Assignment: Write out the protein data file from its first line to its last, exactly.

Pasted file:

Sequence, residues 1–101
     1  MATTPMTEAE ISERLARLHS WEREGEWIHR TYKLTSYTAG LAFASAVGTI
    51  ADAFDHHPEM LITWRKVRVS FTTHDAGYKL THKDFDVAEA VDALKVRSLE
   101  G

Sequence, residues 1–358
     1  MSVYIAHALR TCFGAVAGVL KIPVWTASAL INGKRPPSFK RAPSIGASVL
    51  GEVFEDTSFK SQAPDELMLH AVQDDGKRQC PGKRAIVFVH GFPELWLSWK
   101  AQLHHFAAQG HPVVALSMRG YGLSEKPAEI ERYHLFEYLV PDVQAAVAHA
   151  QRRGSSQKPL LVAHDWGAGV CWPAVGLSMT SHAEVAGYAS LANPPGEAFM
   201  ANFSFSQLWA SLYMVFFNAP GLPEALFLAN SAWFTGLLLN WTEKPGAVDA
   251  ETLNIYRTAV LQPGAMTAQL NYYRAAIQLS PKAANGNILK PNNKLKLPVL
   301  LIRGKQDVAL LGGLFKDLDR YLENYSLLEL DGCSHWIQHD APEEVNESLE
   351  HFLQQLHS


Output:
Sequence, residues 1–101
     1  MATTPMTEAE ISERLARLHS WEREGEWIHR TYKLTSYTAG LAFASAVGTI
    51  ADAFDHHPEM LITWRKVRVS FTTHDAGYKL THKDFDVAEA VDALKVRSLE
   101  G

Sequence, residues 1–358
     1  MSVYIAHALR TCFGAVAGVL KIPVWTASAL INGKRPPSFK RAPSIGASVL
    51  GEVFEDTSFK SQAPDELMLH AVQDDGKRQC PGKRAIVFVH GFPELWLSWK
   101  AQLHHFAAQG HPVVALSMRG YGLSEKPAEI ERYHLFEYLV PDVQAAVAHA
   151  QRRGSSQKPL LVAHDWGAGV CWPAVGLSMT SHAEVAGYAS LANPPGEAFM
   201  ANFSFSQLWA SLYMVFFNAP GLPEALFLAN SAWFTGLLLN WTEKPGAVDA
   251  ETLNIYRTAV LQPGAMTAQL NYYRAAIQLS PKAANGNILK PNNKLKLPVL
   301  LIRGKQDVAL LGGLFKDLDR YLENYSLLEL DGCSHWIQHD APEEVNESLE
   351  HFLQQLHS